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Making cents of subsurface drip irrigation in alfalfa

Todd Rinkenberger Published on 04 March 2014
Tracktor in field

Is the switch to drip worth the investment?
For decades, crops throughout the world have utilized drip irrigation technology, promoting benefits such as higher yield increases and more efficient water usage.

Historically, the adoption of subsurface drip irrigation (SDI) in alfalfa production has been slow to catch on because of concerns about the initial cost of the system and the potential for rodent damage.

In the last few years, however, the use of SDI in alfalfa is on the rise, and growers throughout the U.S. are learning that with the right management practices, SDI in alfalfa can have a big impact on their production potential, and ultimately, their bottom lines.

Increasing yields
Alfalfa’s consumptive water usage can well exceed 46 inches each year. This fact, along with the opportunity to drive yield increases, is the main reason why growers are interested in using SDI in alfalfa.

A key benefit of irrigating alfalfa with SDI is the ability to irrigate during and immediately following harvest, allowing for rapid re-growth and resulting in more cuts and per-acre yields 25 to 40 percent higher.

With a recommended drip line lateral spacing of approximately 40 inches, and a depth between 8 to 12 inches, significant yield increases can be achieved by:

Less crop stress and faster re-growth post-cut – The faster re-growth is the result of irrigation uniformity and better water management, especially in the pre-cut drydown and post-cut curing process.

drip irrigation

With flood irrigation, the non-irrigation period can be 12 to 16 days, whereas with SDI an eight-day to 10-day non-irrigation period is the standard. In sandy soils, the period can be shorter.

Increased forage tons per acre per cutting, even in hot summer months – The reduced stress on the crown from better water management results in lush vegetative growth and higher yields.

The yield increase is not accompanied by a decrease in quality because it results from vegetative growth and not woody-stem growth. Thus, quality is maintained along with higher yields.

The ability to quickly irrigate the entire block – For example, the ability to water an entire block within 24 hours of hay removal versus five to seven days with flood irrigation.

More profit
For alfalfa, a longer stand life means more profit. With drip irrigation, a grower may be able to increase stand life one to two years. Such increased stand life appears to be the result of better overall plant health due to more timely water and fertilizer applications.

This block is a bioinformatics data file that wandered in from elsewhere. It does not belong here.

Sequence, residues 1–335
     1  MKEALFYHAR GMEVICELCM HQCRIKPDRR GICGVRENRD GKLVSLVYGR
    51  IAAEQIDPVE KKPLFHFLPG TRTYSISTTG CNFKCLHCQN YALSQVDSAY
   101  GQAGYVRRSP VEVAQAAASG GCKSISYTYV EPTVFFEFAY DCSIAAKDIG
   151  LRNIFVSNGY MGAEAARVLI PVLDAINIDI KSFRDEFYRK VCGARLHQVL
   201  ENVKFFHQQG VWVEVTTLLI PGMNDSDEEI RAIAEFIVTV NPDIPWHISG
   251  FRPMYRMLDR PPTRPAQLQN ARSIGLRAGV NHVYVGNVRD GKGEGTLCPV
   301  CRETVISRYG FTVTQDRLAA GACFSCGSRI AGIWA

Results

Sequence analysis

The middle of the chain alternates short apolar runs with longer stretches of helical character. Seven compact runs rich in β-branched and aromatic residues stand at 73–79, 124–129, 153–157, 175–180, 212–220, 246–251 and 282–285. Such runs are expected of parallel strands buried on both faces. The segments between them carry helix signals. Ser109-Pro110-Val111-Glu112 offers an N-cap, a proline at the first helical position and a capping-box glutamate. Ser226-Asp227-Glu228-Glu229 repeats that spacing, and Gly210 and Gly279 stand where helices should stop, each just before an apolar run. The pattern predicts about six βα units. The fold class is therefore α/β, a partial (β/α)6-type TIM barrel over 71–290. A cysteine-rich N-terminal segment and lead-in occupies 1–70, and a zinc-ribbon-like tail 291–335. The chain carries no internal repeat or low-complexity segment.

Another contributing factor is reduced weed pressure due to the soil surface not being wetted, as with flood irrigation. Additionally, the slow wetting of the soil with SDI keeps large soil pores from filling with fine particles, thus improving aeration and reducing compaction.

Better returns
Managing irrigation in alfalfa with an SDI system provides greater opportunity to grow higher yields with less water. The return on investment depends primarily on the yield achieved, the price of alfalfa and the cost of water.

On average, the calculated payback is approximately two to three years.

Rodent management
Pocket gophers and other similar rodents can cause damage both to alfalfa crops and their SDI systems. While there is no single solution to rodent management in alfalfa, growers should utilize a layered approach to manage rodents to minimize impact on yields and SDI systems:

Site selection – Growers should set themselves up for success by selecting fields that do not have a history of unmanageable rodent pressure.

Site preparation – Growers should deep-rip the soil in preparation for planting and installing an SDI system. This practice helps to destroy burrows and disrupt the habitat gophers and rodents need for survival.

Predators – Recent findings in California by the U.S. Fish and Wildlife Service showed declines in pocket gopher activity following the installation of owl boxes in vineyards. Growers should expect these same results from nocturnal feeders in alfalfa.

Trapping – This can be effective in low population densities.

Poisons – Both baits and fuming toxicants are effective in treating hot spots. Burrow builders that create a burrow on the field’s edge are effective in intercepting gophers as they move toward fields. Growers are encouraged to protect the entire field edges with particular attention to riparian areas, ditch banks and adjacent fields.  FG

PHOTOS
Subsurface drip irrigation systems are being installed with greater frequency as growers struggle to stretch shrinking water supplies. Photo courtesy of Brandon Souza.

Todd Rinkenberger
Todd Rinkenberger
Western Region Sales Manager – Ag Division
Netafim USA




Advantages of drip irrigation in alfalfa

  • Rapid regrowth from irrigation immediately following and even during harvest

  • Reduced plant stress, which increases the yield per cutting

  • Reduced intervals between cuttings, increasing the number of cuttings

  • Fewer weeds because the soil surface is kept dry

  • Longer stand life by managing irrigation to produce healthier root systems

  • Improved uniformity of growth resulting in even windrows, better curing and an overall more efficient harvest

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